Solutions to parabola problem

I’m going to post the way I worked out the two recent problems that I posted. Today I’m going to focus on the second problem first.  Other people had different solutions they threw in the comments to the original posts, so you can look there too.

FIRST PROBLEM:

Statement: A particle is moving along the curve y=x^2-x at a constant speed of 2\sqrt{10}. When it reaches the point (2,2), you know \frac{dx}{dt}>0. Find the value of \frac{dy}{dt} at that point.

Solution: I imagined the particle moving along the curve, and it being played on a film. The particle follows this path and is going at a constant speed:

So then I said: we only care about the particle around (2,2), so I mentally zoomed in near that point:

So we don’t care about the rest of the picture. The particle is actually moving in a straight line in the area we care about, and this line is y=3x-4 (we found the equation of the line tangent to the original curve at the point (2,2)). So this greatly simplifies how I had to think about the problem. Where we care about things, the particle is moving in a straight line at a rate of 2\sqrt{10}.

So then I thought about the velocity vector for the particle — moving in the direction of the line at a rate of 2\sqrt{10}. And this vector is composed of the velocity in the x-direction and the velocity in the y-direction: \frac{dx}{dt} and \frac{dy}{dt}.

And we just have to use the last piece of information that we haven’t used… That the ratio of height/length of this triangle is 3 (the slope of the line — the direction of velocity — is 3). So we can solve this with a bunch of different ways, but I found the easiest to just make similar triangles and solve:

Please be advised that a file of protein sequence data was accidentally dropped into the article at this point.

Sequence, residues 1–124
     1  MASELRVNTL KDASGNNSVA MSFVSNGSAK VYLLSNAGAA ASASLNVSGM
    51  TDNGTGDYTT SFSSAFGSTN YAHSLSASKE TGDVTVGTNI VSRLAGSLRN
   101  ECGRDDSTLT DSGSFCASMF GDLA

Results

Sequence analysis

(I calculated that the hypotenuse of the second triangle was \sqrt{10}.) Clearly we can deduce that dy/dt=6.

In essence, this is the exact same method that other people used to solve it, but it took me to actually zoom in and picture what was going on with the particle to figure this problem out so that I conceptually had mastered it.

The way I approached the second problem comes later.

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2 comments

  1. PS. Don’t ask me why I made the second triangle bigger than the first one… I just wanted to show that they were different sizes. I just didn’t think “oh it would have made sense to make the larger triangle the bigger triangle.”

  2. Man, Sam, you just explained that in a way that I think my 8th graders could understand it. Nicely done. I really wish that my calculus teachers would have made a problem like this seem so simple.

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